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Friday, December 29, 2006

Probability of A Rate Cut for The March 21, 2007 FOMC Monetary Policy Meeting Drops to 10% On Encouraging Housing Data

The current national Prime Rate is 8.25%: get used to it!

Bottom line: the Fed will only lower interest rates next year if the U.S. economy needs a helping hand.

Right now, the nation's housing sector is arguably the biggest cause for concern. But this week's data related to the housing market was encouraging: both new and existing home sales showed improvement in November. Of course, it's really too soon to celebrate, because when the November housing numbers are compared to the numbers from a year ago, it's still quite clear that a lot more buying/selling activity will have to happen in the coming months before real estate agents can stop holding their collective breath.

In light of the latest housing numbers, the Fed is now less likely to lower interest rates before the third quarter of 2007. Contributing to the decreased likelihood of a rate cut for early 2007: The Conference Board's Consumer Confidence Index jumped from 102.9 last month to 109.0 for December '06.

  • Good news for home shoppers and investors: for both new and existing homes, inventories -- the number of homes on the market -- are still high, and prices are quite stagnant. Furthermore, foreclosures are likely to rise in the new year (it's really important to understand how Adjustable Rate Mortgages (ARM's) and Payment-Option Mortgages work!)

The Latest Odds

Of course, investors reacted to this week's housing news. As of right now, the folks who trade in Federal Funds Futures have odds at around 10% (according to current pricing on contracts) that the Federal Open Market Committee (FOMC) will elect to lower the benchmark Federal Funds Target Rate by 25 basis points at the March 21ST, 2007 monetary policy meeting.


Summary of the Latest Prime Rate Predictions:
  • In all likelihood, the Prime Rate will remain at the current 8.25% after the January 31ST FOMC monetary policy meeting.
  • Current odds that the Prime Rate will be cut to 8.00% at the
    March 21ST, 2007 FOMC monetary policy meeting: 10% (very unlikely)
  • NB: Prime Rate = (The Federal Funds Target Rate + 3)

The odds related to Federal Funds Futures contracts -- widely accepted as the best predictor of where the FOMC will take the benchmark Federal Funds Target Rate -- are continually changing, so stay tuned to this blog for the latest odds.

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Friday, December 22, 2006

Probability of A Rate Cut for The March 21, 2007 FOMC Monetary Policy Meeting Drops to 17%

If you're happy with the current U.S. Prime Rate level -- 8.25% -- then we have good news for you: it's not budging any time soon.

A number of key economic reports were released by the government this past week, including Housing Starts, PPI, GDP Final, Leading Economic Indicators, Durable Goods Orders, Consumer Sentiment, Consumer Spending, and the Philadelphia Fed's Business Outlook Survey. The economic picture is still mixed, which is nothing to get excited about, but, on the positive side, no one is predicting economic disaster for 2007: many economists and academics are forecasting that the U.S. economy will expand by about 3.0% next year. Of course, moderate growth is good news from a price stability perspective, and it should also translate to short-term interest rate stability.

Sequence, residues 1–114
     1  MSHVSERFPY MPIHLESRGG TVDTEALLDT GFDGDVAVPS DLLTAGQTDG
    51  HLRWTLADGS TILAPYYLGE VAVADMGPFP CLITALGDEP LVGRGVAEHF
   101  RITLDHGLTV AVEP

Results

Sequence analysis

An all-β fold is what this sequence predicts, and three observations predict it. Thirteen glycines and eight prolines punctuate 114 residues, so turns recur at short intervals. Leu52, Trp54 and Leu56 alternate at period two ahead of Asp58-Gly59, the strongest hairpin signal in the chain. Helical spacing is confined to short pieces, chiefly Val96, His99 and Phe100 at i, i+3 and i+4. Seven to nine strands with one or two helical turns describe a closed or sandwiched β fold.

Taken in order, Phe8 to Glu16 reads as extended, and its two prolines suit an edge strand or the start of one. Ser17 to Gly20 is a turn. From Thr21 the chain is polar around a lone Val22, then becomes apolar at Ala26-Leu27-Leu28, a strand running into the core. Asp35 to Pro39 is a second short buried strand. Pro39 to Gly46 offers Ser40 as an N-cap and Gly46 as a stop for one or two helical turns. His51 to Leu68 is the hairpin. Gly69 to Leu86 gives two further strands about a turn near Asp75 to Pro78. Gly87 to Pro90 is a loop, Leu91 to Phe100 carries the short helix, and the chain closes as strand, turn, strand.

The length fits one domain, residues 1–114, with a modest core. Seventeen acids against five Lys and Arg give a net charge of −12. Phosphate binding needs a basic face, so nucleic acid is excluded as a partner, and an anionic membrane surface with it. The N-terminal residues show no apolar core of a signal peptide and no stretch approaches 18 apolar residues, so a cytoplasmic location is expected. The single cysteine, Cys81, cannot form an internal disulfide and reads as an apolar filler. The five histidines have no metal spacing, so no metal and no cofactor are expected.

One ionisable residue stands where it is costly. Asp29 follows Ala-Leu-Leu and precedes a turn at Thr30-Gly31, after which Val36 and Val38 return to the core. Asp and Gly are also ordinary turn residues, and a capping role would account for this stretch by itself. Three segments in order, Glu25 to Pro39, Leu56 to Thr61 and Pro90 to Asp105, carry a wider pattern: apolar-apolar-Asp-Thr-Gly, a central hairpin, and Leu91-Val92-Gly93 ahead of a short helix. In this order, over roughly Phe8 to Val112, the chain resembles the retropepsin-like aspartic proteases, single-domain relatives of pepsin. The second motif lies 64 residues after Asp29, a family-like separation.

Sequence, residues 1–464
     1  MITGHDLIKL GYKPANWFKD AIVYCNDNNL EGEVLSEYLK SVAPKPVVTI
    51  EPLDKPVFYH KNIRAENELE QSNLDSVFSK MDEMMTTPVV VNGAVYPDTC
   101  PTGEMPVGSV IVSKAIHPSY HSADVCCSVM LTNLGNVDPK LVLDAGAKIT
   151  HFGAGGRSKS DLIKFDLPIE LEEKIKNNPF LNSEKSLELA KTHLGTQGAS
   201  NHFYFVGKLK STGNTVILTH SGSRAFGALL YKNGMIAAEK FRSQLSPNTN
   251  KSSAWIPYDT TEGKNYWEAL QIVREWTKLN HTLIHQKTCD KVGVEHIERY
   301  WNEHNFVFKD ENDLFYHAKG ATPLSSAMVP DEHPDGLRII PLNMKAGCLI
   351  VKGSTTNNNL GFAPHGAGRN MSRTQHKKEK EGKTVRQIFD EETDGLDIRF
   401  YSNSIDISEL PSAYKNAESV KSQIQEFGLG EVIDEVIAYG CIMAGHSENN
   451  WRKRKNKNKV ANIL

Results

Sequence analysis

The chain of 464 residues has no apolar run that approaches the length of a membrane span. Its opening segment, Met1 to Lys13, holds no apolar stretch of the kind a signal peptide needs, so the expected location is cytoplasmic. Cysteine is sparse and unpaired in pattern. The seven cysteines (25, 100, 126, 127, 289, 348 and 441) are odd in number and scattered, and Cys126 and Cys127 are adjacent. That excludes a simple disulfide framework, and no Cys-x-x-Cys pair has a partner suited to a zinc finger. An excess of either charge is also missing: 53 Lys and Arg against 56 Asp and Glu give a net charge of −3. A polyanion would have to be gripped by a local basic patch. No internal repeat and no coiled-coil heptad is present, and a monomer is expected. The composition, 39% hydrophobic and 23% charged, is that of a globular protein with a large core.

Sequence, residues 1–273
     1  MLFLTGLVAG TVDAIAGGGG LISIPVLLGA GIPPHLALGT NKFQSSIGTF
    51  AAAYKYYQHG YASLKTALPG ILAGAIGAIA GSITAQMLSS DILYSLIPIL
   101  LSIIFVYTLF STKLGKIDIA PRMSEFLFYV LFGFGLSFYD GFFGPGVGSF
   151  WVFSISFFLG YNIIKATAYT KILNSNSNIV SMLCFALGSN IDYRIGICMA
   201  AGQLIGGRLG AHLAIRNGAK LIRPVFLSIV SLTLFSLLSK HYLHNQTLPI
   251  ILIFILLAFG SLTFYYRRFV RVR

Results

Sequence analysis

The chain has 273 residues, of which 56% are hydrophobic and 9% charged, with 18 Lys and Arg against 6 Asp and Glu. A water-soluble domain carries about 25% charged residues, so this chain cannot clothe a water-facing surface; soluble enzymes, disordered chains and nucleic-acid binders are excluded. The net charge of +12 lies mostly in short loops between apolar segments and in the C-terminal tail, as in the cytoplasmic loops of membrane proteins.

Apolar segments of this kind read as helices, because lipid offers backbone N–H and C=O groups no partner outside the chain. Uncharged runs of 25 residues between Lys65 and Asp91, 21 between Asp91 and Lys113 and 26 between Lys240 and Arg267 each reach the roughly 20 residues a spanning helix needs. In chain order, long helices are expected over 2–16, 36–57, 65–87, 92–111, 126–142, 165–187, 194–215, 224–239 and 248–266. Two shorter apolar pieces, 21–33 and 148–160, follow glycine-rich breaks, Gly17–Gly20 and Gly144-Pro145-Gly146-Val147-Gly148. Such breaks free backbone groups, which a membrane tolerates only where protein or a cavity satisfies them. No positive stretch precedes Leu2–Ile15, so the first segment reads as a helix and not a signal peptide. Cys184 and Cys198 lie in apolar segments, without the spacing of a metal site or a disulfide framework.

Bottom line: if the Fed does decide to cut interest rates next year, it's not likely to happen before the third quarter of 2007.

Right now, the biggest drags on the U.S. economy are manufacturing and housing:

  • Bad news out this week, from a manufacturing perspective : the folks at Toyota are planning to produce an astonishing 9,420,000 vehicles in 2007; General Motors may end up as the global #2 auto manufacturer if the top brass at Toyota realize their 2007 goal.
  • Bad news out this week, from a housing perspective: According to the final, third-quarter GDP report released yesterday, residential fixed investment fell by 18.7% during Q3, 2006; in the preliminary GDP report released last month, the figure was reported at 18.0%. Furthermore, the Center for Responsible Lending recently forecast that approximately 1 out of every 5 subprime mortgages originated during the past 2 years will end up in foreclosure, and losses for subprime mortgage holders may climb as high as $164 billion over the next several years -- mainly in the form of lost home equity.

The Latest Odds

Of course, investors have reacted to this week's news and economic reports. As of right now, the folks who trade in Federal Funds Futures have odds at around 17% (according to current pricing on contracts) that the Federal Open Market Committee (FOMC) will elect to lower the benchmark Federal Funds Target Rate by 25 basis points at the March 21ST, 2007 monetary policy meeting.


Summary of the Latest Prime Rate Predictions:
  • In all likelihood, the Prime Rate will remain at the current 8.25% after the January 31ST FOMC monetary policy meeting.
  • Current odds that the Prime Rate will be cut to 8.00% at the
    March 21ST, 2007 FOMC monetary policy meeting: 17% (unlikely)

  • NB: Prime Rate = (The Federal Funds Target Rate + 3)

The odds related to Federal Funds Futures contracts -- widely accepted as the best predictor of where the FOMC will take the benchmark Federal Funds Target Rate -- are continually changing, so stay tuned for the latest odds. Odds may experience a significant shift after the release of the following economic reports:

  • Wednesday, December 27, 2006: The Commerce Department releases their report on November New Home Sales.
  • Wednesday, December 28, 2006: The National Association of Realtors┬« releases the November Existing Home Sales report.